When writing it is vital, as every author knows, to research every small detail. That is the part I find the most laborious. You’re in the middle of a scene, everything is going perfectly and then you need to find out whether the moon would be full or half or new in the middle of July in South Africa at 1am. It affects the dynamics of the plot and if you get it wrong – whoa! As a librarian I have access to countless fantastic volumes of information, but at 11pm at night accessibility is paramount, which is why I love the internet and access to sites like the British Library, Science Museum, BBC History, Greenwich Observatory… the list is endless. The one I access all the time is, of course, the OED. If you’re writing, I strongly suggest subscribing to a dictionary or thesaurus site. You really don’t want to mis-use a crucial word. Or speall spell it wrong.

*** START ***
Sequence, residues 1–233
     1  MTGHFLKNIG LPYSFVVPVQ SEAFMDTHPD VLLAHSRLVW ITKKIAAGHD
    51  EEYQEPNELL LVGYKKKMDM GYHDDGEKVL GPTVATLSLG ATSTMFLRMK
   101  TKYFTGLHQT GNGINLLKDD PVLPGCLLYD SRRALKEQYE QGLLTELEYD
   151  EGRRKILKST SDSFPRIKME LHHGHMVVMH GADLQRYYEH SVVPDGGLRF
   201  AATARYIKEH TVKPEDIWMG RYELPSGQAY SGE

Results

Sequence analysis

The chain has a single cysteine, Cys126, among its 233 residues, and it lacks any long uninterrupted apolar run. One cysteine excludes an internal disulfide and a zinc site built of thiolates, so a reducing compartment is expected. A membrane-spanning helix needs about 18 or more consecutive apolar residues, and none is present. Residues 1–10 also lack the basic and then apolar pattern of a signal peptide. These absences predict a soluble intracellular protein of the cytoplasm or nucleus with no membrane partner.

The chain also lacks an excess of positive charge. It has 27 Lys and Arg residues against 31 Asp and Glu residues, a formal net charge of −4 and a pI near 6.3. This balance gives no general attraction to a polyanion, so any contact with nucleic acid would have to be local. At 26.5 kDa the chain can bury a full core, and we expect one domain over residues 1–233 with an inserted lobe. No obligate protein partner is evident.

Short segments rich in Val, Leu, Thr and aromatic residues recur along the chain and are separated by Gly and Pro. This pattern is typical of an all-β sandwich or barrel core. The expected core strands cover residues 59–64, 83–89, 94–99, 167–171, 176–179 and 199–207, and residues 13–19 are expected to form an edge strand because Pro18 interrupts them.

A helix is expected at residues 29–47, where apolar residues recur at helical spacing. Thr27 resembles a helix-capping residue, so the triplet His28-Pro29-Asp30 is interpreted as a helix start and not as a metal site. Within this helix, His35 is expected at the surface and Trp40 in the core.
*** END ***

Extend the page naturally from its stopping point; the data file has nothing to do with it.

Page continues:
I know, I know, you can get it edited; but seriously, a bit of professionalism and pride in your work shows your character and your prospective agent will love you for your attention to detail (or so I’ve been told).
Well, I wrote my first book with very little preliminary research and had to go back and amend so many things that were incorrect. Small changes can make huge differences to vital clues in the plot. So, my advice is to research, check your research and check it again. Try and access several different media for information (books, journals, newspapers, radio, internet). We live in an information saturated world so there is absolutely no excuse.